Wednesday, January 22, 2014

Bringing it all Back Home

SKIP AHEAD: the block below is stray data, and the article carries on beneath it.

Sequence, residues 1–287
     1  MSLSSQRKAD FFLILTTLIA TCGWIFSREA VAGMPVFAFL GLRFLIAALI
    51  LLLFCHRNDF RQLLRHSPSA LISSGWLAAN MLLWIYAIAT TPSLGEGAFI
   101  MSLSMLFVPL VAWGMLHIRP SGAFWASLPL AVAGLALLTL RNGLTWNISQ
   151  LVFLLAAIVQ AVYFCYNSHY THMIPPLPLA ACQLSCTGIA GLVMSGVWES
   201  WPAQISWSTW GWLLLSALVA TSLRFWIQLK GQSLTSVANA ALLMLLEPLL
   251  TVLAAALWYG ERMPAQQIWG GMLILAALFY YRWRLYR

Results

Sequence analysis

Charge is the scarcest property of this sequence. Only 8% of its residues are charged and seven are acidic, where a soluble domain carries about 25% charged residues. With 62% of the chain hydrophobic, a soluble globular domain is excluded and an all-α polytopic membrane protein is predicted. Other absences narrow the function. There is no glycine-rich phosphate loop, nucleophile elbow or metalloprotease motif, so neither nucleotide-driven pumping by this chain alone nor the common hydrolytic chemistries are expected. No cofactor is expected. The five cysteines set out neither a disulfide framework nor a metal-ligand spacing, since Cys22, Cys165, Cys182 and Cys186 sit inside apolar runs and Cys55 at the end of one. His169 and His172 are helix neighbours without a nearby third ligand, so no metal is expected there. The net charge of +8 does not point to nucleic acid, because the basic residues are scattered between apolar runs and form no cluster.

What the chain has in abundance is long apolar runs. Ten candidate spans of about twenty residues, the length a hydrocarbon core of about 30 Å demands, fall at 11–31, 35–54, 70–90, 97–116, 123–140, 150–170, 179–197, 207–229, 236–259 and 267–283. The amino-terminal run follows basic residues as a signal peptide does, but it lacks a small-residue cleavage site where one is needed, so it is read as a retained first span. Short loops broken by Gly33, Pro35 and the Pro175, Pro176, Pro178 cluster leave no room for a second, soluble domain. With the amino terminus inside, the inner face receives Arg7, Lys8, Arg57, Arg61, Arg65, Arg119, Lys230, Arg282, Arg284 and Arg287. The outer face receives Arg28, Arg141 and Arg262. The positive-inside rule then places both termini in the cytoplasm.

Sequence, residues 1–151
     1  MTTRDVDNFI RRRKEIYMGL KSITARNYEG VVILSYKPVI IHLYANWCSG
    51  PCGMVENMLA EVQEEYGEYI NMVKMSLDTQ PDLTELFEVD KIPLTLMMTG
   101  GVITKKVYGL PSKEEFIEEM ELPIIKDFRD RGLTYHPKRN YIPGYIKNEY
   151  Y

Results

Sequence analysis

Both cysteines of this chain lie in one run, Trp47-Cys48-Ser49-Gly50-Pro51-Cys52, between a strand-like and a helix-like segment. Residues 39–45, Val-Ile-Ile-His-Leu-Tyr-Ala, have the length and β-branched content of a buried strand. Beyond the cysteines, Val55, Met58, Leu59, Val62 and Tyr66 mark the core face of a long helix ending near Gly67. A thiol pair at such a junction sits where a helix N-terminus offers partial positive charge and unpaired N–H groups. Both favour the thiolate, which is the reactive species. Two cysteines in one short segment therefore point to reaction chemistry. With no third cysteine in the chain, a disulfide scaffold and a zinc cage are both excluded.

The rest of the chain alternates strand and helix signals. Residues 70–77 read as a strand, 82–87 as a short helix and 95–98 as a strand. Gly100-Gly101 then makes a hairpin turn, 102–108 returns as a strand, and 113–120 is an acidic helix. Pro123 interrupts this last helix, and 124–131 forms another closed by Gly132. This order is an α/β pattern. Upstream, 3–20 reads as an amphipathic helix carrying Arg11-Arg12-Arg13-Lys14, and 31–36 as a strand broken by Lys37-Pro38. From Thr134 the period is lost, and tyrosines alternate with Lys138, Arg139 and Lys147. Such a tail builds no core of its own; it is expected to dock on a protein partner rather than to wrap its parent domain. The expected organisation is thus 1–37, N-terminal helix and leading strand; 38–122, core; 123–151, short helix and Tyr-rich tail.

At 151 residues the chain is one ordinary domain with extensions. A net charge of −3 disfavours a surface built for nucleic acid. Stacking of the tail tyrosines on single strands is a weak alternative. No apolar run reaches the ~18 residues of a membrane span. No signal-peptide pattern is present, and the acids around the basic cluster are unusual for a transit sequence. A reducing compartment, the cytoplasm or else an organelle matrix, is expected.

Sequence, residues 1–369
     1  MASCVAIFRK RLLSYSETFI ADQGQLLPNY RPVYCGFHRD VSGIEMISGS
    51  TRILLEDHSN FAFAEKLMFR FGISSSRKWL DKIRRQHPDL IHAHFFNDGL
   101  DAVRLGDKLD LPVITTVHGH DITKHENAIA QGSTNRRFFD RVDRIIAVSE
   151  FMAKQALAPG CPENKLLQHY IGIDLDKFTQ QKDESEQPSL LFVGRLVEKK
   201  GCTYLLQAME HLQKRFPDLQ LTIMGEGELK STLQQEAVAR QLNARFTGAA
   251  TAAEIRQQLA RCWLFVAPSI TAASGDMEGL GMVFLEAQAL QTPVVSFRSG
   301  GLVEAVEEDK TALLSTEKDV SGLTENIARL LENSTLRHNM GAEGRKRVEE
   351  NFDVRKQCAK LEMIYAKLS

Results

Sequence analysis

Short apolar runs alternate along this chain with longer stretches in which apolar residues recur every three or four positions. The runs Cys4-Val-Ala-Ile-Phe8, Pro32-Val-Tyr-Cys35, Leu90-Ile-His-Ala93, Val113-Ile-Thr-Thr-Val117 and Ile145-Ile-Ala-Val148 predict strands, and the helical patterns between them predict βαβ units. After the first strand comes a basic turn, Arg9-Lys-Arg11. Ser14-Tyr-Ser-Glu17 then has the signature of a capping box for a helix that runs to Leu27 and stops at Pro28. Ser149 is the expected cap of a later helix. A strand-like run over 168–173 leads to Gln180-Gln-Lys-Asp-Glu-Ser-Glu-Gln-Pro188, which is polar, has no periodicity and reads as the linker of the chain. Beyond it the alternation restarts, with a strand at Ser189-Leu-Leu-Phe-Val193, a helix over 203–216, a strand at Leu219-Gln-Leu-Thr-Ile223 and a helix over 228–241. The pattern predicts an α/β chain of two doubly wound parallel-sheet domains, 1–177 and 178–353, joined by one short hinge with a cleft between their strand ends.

LBJ... Beatlemania. . . Woody Guthrie . . . Chuck Berry . . . Fallout Shelters . . .Welcome the Rolling Stones . . . Ed Sullivan.. . Another Side of Bob Dylan. . . Jean Harlow . . . Time Magazine . . .  Recorded over a couple days in January 1965, Bringing it All Back Home launched Dylan's own brand of revolution.  For his new LP had a side of all "electric" tracks and a side of acoustic tunes.  But they were nothing like his old protest songs about war and social justice, but songs of deep personal expressions of anger still radiating through the vinyl after nearly a half century.  "Subterranean Homesick Blues" sets the tone with Chuck Berry riffs accompanied by Dylan's own brand of jukebox poetry.  Set in a basement . . Or a back alley . .  The characters are out of a Beckett play and speak the language of James Dean. For this began Dylan's fascination with freaks and outcasts as inspirations behind some of his most adventurous songwriting. With Bruce Langhorne, "the original Mr. Tambourine Man"  on guitar "She Belongs To Me" hums along nicely. "Maggie's Farm" sounds similar to Subterranean Homesick Blues" only it's much funnier with absurd lyrics about bedroom windows made of brick and the National Guard standing around the door.  More splendid folk rock follows with Love Minus Zero/No Limit with images of ravens with broken wings. "Outlaw Blues" offers another jam with Dylan declaring I look like Robert Ford but feel like Jesse James"  Another hilarious epic follows with "On the Road Again" with about a girl's family of Gothic stereotypes. The first side ends on the hip absurdity of "Bob Dylan's 115th Dream" offers a phantasmagorical version of American history with appearances by Captain Ahab (Arab?), Christopher Columbus, some girl from France, telephones with foots coming through the line, ultra-violent patriots, and many, many, more. The false opening on the acoustic guitar which segue ways into a rock pastiche accompanied by producer Tom Wilson's chuckle is one of those magical moments one gets on transcendent albums.   Then the first acoustic number "Mr. Tambourine Man" evokes the dreamlike state of the creative process. OR maybe the mystical experience of falling asleep. Or inspiration. oR the magic of nighttime. or maybe some substances were involved.  One critic said "Gates of Eden" opened up "new philosophical frontiers."  I don't know about that but the imagery's magnetic with grey flanneled dwarves and Miltonic overtones of a flawed, but not entirely hopeless paradise.  We get an even blunter version of America with "It's All Right Ma (I'm Only Bleeding)  with its tirade against a rising empire destined to crash and join the other debris of history.  Despair everywhere here.  For Operation Rolling Thunder (the bombing campaign on North Vietnam) begins the same month Bringing It All Back Home was released.  All bent out of shape of society's pliers.  And, in yet another farewell song to end an LP, we get an unforgettably bitter sermon against something or someone which has wronged us.  "It's All Over Now Baby Blue" has Dylan singing in a higher register with terrifying lyrics like "yonder stands your orphan with his gun."  The song does end with the promise of renewal, "forget the dead you've left they will not follow you."  And we go into the jingle jangle morning.

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